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  • Writer's pictureA D Ackerman

The Meaning of Time

sunset with fog in foreground, purple mountain
© Alice Ackerman 2019

We talk about time a lot.
We never seem to have enough of it.

Time is a concept. You can’t hold it in your hand. You can’t give it to someone. You can’t buy it or sell it, regardless of what some marketers would have you believe. Apparently time is also very unruly, because it has to be “managed.” Others may judge our value by how we choose to spend our time (“What??!! You spent twelve hours watching TV??”). And truly each of us only has a finite amount of time available to us, although for most of our lives we have no idea how much that time is.

So why is time so important?

I am going to admit something right up front, before you spend too much time reading this post: I DO NOT have the answer to that question.

But I am fascinated by how differently each of us approaches the notion of time. Some of us just see time as being there while we accomplish a task. Others think about what’s happening as the minutes and hours and days, weeks and months, years and decades…go by. Still others want to know how they are spending every single minute of each day. For some of us, if a minute didn’t produce a measurable result it was a wasted minute. For many of the rest of us, minutes spent in contemplation, introspection, reading, stargazing can MAKE the minutes meaningful.

I have also noticed that time seems to pass differently for different people. This is very true when I look at the difference between myself and my husband. He and I have previously discussed how he is like the hare and I am like the tortoise in the well-known fable. This arose when he was describing a Malcolm Gladwell podcast he had listened to that described how the use of standardized tests, such as the LSAT (law school admission test) favor those who are quick at answering and solving problems, the hares, and not those who may be slower and more methodical (the tortoises). The use of such tests as yardsticks for making decisions that may impact a person's future, and yet may have no real relationship to the person's actual future success, doesn't seem to be right or fair to those of us who may be just as smart but take more time. But I will leave the full discussion of this topic for another time.

Getting back to the difference between my husband and myself, he seems to be able to finish a task even before he has begun. I, on the other hand, seem to take forever to get something done.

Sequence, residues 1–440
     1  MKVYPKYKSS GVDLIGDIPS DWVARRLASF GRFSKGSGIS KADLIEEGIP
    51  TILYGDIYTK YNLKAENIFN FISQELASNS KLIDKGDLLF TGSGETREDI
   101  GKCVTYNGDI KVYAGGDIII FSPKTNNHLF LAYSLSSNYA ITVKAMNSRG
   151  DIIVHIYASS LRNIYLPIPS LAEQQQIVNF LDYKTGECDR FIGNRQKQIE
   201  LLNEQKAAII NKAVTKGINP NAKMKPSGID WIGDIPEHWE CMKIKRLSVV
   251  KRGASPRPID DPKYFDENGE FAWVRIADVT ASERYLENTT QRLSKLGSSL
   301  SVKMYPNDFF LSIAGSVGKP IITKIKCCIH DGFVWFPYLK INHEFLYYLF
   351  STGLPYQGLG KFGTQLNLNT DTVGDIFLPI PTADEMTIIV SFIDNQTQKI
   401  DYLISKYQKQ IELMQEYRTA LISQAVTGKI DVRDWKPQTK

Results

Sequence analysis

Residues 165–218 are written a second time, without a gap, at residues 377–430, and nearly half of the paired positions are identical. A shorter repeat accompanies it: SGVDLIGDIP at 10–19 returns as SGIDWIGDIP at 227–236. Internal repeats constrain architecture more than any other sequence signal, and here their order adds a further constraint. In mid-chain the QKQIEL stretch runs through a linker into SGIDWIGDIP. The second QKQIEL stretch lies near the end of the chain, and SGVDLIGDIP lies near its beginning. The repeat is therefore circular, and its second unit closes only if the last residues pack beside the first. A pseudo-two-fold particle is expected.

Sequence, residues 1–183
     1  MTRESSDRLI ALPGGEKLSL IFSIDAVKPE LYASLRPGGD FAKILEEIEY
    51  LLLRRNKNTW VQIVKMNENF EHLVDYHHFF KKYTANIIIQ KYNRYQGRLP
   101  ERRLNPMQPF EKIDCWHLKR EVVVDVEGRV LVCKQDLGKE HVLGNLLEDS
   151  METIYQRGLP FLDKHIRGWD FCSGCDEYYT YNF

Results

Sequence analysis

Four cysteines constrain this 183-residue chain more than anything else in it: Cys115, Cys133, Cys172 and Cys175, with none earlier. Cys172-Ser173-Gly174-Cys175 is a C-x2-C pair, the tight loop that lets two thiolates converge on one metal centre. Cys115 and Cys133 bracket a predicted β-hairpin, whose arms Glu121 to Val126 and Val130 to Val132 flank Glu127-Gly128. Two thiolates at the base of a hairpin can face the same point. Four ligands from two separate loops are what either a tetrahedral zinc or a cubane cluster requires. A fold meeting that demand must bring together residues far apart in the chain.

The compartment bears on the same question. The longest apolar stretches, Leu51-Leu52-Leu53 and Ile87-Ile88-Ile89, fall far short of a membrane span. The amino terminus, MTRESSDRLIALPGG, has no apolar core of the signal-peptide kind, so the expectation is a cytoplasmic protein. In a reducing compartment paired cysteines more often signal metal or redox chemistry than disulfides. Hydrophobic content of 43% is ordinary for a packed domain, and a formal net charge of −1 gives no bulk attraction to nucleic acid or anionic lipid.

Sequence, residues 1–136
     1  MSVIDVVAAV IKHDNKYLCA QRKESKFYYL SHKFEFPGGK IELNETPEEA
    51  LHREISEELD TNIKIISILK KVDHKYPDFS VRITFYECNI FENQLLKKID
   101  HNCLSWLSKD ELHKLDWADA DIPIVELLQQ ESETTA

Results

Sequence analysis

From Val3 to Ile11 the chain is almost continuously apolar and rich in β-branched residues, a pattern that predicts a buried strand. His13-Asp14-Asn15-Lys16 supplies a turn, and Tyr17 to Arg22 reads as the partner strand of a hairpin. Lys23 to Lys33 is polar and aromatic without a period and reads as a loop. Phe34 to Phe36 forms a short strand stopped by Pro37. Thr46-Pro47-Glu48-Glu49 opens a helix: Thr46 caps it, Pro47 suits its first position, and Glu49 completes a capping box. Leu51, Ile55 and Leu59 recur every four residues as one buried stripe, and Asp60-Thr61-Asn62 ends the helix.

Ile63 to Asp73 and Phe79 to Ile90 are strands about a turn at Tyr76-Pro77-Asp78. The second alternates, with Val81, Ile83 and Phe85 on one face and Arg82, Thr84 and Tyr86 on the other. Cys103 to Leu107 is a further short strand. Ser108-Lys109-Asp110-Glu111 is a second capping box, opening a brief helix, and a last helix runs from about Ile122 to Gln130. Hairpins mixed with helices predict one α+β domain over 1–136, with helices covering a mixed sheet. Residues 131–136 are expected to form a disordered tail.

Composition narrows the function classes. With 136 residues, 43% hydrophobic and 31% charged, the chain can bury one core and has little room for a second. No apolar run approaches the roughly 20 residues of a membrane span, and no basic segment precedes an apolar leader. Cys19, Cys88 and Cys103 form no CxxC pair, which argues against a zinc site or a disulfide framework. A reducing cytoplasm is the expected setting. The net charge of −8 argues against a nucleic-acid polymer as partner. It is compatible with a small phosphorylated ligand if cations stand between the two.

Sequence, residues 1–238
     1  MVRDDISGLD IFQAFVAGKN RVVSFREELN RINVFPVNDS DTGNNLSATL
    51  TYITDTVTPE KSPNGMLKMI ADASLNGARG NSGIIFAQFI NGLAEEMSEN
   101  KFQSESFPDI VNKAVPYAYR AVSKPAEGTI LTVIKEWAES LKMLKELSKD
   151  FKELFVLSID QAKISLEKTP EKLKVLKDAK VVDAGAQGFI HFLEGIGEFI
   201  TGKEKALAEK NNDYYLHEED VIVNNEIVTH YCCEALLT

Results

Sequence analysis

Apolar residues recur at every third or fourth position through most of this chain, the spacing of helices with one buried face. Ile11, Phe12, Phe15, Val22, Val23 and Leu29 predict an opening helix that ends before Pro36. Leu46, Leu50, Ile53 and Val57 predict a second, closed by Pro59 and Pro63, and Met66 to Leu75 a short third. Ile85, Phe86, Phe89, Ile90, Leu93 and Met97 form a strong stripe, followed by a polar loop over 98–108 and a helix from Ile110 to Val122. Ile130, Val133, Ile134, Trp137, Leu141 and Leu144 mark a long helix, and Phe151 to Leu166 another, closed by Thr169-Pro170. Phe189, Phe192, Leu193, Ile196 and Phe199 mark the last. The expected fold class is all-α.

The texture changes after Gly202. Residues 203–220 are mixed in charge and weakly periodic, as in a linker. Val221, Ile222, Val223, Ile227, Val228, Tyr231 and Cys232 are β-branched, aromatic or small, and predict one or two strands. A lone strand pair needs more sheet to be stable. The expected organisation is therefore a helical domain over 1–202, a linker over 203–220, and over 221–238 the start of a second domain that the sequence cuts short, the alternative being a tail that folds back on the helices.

Our whole family often talks about this time difference. There was a time when all 5 of us were visiting another city, and needed to travel by taxi (pre-Uber or Lyft) to get to a specific location. My 3 kids and myself took the first cab that arrived, and my husband said he would wait for another one. Well, wouldn’t you know it? My husband arrived FIRST at our location. REALLY??? How did that happen? We sometimes wonder if he is a time-traveler (no police call booths have ever been present when he does this, however).

Of course, he and I also treat time differently. He overestimates how long something will take, so he always arrives considerably early for an appointment, whereas I often underestimate how long it will take to get ready, or drive, or whatever, and while I am not often actually LATE, I am usually right on time.

He makes a weekend “to do” list and finishes it in 2 hours. I make a similar list and it may take me a week or a month to complete it. Part of that is because I do things in depth, and if, in the course of trying to get a task accomplished I find something else that needs to be done, I may do that, and then I may do the next thing, and the next, etc (remember the rabbit hole discussion from this post?). So maybe I am overly distractible, or maybe I just can’t stand to leave a little bit of dust behind the dresser that I can’t quite move, and then have to fix the crack I cause, and so on, but this difference is palpable and doesn’t seem to vary regardless of what task each of us is doing.

Is there a “right” way to interact with time?

We certainly are made to think that is the case. We are told that successful entrepreneurs all start their day in a certain way, or have learned to not waste time, or to be super-productive "working" only 4 hours a week. Yet I have never actually seen a scientific study looking at the right way to treat time.

Many of my clients are struggling with what they call time management. They are looking for creative ways to get more done in less time. They are trying to find the courage to be able to say no to tasks they need to give up, in order to have the time they need to do the things they want or need to do. As their coach I am using my sincere curiosity about the most important aspects of their lives to help them make these decisions, and change the way they interact with time.

I assume that others also have life partners who may treat and experience time very differently from themselves. How does that affect you? What techniques have you developed to deal with these differences? Do you have trouble estimating how long it will take you to accomplish the items on your to-do list? What might a coach help you to do that you find difficult to do yourself? Leave me a comment below, or send me a message. Let's talk about it.


Thanks for reading! I value your time and presence. Please come find me on Twitter at @CoachingADA, or on LinkedIn. Or send me an email at

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